Abortions continue to decline in Ohio

New report shows total is lowest in at least 40 years.

Fewer abortions were performed in Ohio in 2015 than at any time since the state began keeping records in 1976, according to an Ohio Department of Health report.

The annual report, released Friday, shows that the steady decline that has been occurring over the past 15 years continued in 2015, with a slight drop to 20,976 abortions reported in the state.

The declines can be partially attributed to changes in recent years that have made getting abortions exceedingly more difficult in Ohio. Since 2010, the state has enacted 17 new restrictions and half of the state’s clinics have now closed.

Among the restrictions:

  • A ban on abortions after 20 weeks gestation;
  • A prohibition on abortions in public hospitals;
  • A mandate that clinics have emergency transfer agreements with local hospitals;
  • And a requirement that patients receive an ultrasound and counseling before the procedure.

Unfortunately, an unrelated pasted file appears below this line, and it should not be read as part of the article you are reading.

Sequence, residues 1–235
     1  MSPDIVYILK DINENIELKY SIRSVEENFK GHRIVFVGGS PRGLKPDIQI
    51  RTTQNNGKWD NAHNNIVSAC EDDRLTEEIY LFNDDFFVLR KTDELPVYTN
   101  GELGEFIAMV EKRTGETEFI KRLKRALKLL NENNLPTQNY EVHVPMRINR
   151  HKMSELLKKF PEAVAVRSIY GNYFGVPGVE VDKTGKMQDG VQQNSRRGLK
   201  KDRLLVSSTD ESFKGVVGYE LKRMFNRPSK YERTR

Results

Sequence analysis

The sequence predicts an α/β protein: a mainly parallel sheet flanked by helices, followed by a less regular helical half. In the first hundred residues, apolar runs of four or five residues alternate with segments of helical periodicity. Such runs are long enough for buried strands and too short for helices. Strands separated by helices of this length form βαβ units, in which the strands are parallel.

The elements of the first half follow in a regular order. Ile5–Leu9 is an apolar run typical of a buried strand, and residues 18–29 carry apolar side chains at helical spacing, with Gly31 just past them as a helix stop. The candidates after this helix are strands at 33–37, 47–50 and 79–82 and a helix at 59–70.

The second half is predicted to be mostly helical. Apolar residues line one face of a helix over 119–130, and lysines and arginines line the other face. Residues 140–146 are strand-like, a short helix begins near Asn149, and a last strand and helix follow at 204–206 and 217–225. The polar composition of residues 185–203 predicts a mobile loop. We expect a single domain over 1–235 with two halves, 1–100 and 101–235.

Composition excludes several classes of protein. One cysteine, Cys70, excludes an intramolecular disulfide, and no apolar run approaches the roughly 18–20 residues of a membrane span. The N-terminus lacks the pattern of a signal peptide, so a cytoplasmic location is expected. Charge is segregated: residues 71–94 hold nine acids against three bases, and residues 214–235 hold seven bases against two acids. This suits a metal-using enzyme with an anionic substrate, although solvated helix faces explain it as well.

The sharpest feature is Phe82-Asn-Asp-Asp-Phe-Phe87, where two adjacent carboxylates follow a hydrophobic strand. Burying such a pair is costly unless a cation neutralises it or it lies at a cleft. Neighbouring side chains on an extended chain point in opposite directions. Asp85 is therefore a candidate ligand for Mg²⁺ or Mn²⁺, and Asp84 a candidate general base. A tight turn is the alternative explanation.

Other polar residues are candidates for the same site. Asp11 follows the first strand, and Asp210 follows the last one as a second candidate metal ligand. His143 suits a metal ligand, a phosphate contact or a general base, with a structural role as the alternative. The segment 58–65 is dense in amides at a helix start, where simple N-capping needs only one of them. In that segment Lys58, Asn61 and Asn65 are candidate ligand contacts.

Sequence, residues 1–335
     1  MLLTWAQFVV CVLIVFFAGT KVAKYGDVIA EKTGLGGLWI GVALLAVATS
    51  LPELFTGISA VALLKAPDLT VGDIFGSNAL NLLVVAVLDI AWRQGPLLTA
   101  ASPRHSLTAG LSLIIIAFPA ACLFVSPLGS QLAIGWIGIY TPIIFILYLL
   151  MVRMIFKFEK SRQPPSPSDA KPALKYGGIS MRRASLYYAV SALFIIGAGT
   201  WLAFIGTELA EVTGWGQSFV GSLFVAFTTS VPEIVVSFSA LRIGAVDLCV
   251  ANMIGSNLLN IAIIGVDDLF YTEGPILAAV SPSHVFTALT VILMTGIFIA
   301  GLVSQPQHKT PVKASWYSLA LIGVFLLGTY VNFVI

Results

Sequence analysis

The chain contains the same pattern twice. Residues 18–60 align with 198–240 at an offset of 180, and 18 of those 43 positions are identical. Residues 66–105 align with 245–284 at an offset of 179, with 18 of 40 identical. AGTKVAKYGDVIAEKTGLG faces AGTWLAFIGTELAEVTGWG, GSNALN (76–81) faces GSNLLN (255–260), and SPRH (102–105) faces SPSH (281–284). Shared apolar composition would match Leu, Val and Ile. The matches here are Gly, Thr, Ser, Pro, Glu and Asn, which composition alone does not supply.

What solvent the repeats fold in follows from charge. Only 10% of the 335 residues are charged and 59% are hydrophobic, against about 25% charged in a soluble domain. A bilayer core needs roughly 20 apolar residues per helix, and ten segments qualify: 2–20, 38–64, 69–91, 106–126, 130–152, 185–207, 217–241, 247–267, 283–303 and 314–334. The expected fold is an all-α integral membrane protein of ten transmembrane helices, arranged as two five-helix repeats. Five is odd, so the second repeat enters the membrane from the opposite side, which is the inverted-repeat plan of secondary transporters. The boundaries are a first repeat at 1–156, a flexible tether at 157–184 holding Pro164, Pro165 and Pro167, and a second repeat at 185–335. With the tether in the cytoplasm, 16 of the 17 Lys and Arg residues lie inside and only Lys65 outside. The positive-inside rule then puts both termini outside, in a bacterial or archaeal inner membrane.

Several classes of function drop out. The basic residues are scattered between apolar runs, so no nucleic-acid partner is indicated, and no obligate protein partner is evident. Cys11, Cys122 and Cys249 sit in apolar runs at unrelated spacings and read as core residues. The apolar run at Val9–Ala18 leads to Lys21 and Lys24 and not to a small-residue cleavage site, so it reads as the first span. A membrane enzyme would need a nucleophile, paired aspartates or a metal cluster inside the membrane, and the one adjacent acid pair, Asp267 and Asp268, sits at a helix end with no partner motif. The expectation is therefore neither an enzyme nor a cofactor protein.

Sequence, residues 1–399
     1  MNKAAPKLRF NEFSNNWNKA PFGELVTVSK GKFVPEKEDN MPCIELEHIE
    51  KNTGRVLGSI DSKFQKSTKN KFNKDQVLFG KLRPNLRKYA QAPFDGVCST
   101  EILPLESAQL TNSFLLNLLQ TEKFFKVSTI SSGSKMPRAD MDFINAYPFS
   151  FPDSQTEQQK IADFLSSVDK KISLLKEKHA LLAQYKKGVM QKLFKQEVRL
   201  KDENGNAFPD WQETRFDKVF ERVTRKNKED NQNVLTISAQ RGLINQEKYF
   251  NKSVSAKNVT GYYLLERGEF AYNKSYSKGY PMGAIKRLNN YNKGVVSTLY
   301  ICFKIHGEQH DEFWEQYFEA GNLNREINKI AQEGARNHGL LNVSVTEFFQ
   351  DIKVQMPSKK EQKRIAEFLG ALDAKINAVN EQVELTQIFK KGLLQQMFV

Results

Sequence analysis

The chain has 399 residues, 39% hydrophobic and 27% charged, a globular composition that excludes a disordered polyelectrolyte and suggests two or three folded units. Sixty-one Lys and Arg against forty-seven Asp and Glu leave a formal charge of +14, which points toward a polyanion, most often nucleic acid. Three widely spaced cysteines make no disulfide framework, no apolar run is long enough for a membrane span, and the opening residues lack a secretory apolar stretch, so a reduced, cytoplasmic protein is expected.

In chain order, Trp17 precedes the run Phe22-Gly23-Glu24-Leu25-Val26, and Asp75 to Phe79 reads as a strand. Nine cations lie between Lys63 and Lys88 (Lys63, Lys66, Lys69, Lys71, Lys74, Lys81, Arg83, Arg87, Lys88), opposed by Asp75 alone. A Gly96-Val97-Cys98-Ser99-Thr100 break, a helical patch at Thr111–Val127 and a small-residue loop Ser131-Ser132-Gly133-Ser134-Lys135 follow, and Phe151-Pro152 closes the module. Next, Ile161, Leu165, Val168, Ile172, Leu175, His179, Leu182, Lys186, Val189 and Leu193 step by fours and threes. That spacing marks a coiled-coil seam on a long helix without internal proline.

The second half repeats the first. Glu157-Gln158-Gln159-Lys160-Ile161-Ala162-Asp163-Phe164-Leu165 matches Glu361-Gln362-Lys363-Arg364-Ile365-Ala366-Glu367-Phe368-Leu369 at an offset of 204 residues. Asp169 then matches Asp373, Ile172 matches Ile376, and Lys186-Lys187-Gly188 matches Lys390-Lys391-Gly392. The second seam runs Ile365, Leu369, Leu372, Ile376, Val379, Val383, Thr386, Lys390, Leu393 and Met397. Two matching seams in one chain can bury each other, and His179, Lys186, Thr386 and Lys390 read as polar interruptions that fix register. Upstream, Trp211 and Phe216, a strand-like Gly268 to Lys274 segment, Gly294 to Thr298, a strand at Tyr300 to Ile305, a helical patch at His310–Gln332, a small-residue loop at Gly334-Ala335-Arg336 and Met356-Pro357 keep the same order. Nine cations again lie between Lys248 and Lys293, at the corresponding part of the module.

“Thanks to our pro-life legislative strategy and the grassroots advocacy work of our local affiliates, we are making an impact,” said Mike Gonidakis, president of Ohio Right to Life, in a written statement. “In one year, we have seen more than 200 lives saved from the pain of abortion. In the last five years, we’ve seen more than 7,000 saved. That is the incremental strategy to end abortion in action.”

Kellie Copeland of NARAL Pro-Choice Ohio said the new restrictions are forcing women to travel to Michigan for abortions and wait longer into their pregnancies to seek care.

“These restrictions are not about improving women’s health,” she said. “They’re about restricting women’s access to abortion.”

Of the 20,976 women who had abortions last year, 4,530 reported using contraception and 12,733 reported using none. Contraceptive data was not recorded for another 3,713 women.

The women getting abortions are likely to be single, early in their pregnancies, under age 30 and without a college degree, according to the report. Just over 60 percent reported that they already had at least one child. African American women were over-represented, making up 44 percent of those seeking abortions.

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